WiFi & Data While Traveling
Tips for Staying Connected While Traveling Abroad
Staying connected while traveling without going broke is as easy as finding an Internet connection. Internet cafes abound and basic smartphones accept hundreds of free or cheap apps that ensure connectivity while exploring the world. Some apps are so popular they've become household names -- Skype, for example -- while lesser known options claim a following within the travelling community.
But first things first. Always, always remember to turn off cellular data once you've boarded the plane for departure. Although you may be able to make calls or access 3G or LTE networks overseas, the roaming data and call charges could leave you with a phone bill that doubles the cost of your trip. Breathe deeply, though: There are plenty of ways to stay connected cheaply while traveling.
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Establishing connectivity. Open Wi-Fi connections are common in most cities around the globe. In case your hostel or hotel comes up short, head for the local McDonalds or KFC (these chains really are everywhere); chances are they have open Wi-Fi service.
What if your itinerary takes you to a small town or rural area? A personal hotspot that provides a portable Wi-Fi connection, known as a Mi-Fi, keeps you connected any and everywhere. Available from companies like XCom Global for $14.95 a day, a Mi-Fi is not exactly cheap but is surely less costly than staying connected with your U.S. carrier's international data plan while traveling. Be careful about the data you send over open Wi-Fi signals, though, because anyone can snoop. A virtual private network (VPN), such as the HotSpot Shield app, keeps your information secure even on open networks and is highly recommended.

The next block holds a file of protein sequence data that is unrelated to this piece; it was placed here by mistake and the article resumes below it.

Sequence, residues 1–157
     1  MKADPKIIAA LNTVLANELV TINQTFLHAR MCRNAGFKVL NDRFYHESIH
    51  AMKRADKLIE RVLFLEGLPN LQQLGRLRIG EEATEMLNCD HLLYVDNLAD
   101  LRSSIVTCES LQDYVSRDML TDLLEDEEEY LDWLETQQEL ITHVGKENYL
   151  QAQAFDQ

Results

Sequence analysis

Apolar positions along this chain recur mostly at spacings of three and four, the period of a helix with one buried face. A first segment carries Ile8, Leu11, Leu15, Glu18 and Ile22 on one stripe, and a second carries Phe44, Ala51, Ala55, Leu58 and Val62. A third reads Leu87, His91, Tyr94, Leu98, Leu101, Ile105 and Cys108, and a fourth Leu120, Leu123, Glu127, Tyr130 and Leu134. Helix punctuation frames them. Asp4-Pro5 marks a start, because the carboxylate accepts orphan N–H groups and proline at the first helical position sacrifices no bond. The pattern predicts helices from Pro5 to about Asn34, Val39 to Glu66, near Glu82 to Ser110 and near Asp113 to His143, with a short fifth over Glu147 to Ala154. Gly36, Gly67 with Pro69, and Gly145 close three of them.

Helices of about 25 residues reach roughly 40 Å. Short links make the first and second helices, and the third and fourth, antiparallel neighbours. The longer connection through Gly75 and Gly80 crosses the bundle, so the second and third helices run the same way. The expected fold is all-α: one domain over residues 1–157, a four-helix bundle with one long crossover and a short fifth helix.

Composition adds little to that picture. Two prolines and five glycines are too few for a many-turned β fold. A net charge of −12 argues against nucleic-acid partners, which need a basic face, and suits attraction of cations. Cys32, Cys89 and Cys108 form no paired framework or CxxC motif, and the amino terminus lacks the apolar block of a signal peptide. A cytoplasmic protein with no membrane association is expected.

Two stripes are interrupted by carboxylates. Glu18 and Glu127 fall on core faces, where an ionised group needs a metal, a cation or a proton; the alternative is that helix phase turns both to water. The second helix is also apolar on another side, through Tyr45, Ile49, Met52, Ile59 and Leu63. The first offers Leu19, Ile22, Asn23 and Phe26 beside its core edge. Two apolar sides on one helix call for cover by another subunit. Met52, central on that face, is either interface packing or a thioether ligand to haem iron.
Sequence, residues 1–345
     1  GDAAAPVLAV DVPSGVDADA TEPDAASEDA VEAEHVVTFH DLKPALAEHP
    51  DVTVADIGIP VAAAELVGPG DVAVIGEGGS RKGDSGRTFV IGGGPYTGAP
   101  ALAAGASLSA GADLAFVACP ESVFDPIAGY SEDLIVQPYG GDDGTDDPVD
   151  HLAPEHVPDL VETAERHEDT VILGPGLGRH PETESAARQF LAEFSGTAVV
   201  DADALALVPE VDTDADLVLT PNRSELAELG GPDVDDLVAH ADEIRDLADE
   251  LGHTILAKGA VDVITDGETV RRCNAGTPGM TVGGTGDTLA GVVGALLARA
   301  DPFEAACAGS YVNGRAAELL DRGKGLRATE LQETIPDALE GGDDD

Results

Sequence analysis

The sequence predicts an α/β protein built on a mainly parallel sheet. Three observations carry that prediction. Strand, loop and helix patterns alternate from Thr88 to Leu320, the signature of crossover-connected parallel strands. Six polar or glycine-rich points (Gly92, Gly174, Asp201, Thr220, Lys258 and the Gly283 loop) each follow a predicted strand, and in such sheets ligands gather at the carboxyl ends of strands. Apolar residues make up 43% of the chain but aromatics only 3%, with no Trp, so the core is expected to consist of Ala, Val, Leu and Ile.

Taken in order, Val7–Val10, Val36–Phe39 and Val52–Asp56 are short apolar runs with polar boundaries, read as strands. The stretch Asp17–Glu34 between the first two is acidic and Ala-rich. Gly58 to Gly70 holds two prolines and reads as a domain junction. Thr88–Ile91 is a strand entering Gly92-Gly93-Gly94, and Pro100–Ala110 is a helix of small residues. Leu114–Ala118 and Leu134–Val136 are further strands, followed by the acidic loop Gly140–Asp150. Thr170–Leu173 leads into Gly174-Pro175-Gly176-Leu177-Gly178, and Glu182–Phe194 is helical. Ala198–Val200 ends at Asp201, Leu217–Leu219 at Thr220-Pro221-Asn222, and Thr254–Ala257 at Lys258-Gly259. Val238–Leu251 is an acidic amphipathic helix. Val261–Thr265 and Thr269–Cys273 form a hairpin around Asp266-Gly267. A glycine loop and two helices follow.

Local offerings for similar services may be available at a discount. For example, an advertorial post on Trip Advisor shares information about a company that rents Mi-Fi hotspots for about $12 a day to travelers visiting major Japanese cities. The company maintains booths at the airport or delivers the device to your hotel.
Regardless which path you take, save Internet updates until you're hooked into a free Wi-Fi connection.
Making the Most of Internet Connectivity. Once you've established a link to the Internet, you have several options for staying connected while traveling. Email is ever popular, but a favorite app among travelers is WhatsApp (99 cents for iPhone users; free download for other devices and an annual 99-cent subscription after the first year). Once installed, WhatsApp lets you send texts, pictures, videos, and voice messages at no cost. A Fulbright scholar who spent several years in Russia suggests a free alternative to WhatsApp called Viber. The one drawback to each of these apps is that the recipient must use the same platform.
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When it's time to actually call home, there's always Skype. Skype's rate of $2.99 a month for unlimited calls to U.S. and Canada cellphones or landlines is a real deal. All you need is an Internet connection to pull this off.
Staying connected in-country while traveling calls for a triband GSM phone. Swapping prepaid SIM cards into a phone is fairly common in much of the world. Rates are reasonable for local calls and in some places you'll only pay for outgoing calls and texts. You may already own a "world phone" such as the iPhone 5 or Galaxy S III, but you'll need to contact your carrier before heading overseas to unlock the phone so it can accept international SIM cards.
Other quick and easy tools for staying connected while traveling: Create a Dropbox account to store photo images. You can upload pictures directly from your phone into a gallery folder so that folks at home can view, but not edit or copy, them.
Skype maintains a fee-based Wi-Fi service that provides access to hotspots around the world.
Download any of the free "Wi-Fi finder" apps to point you towards the nearest hotspot.
The Google Translate app converts text or speech from one language to another, a handy device that lets you communicate (sort of) with locals. The Google Goggles app can be used to snap pictures of signs or menus and translate them into English.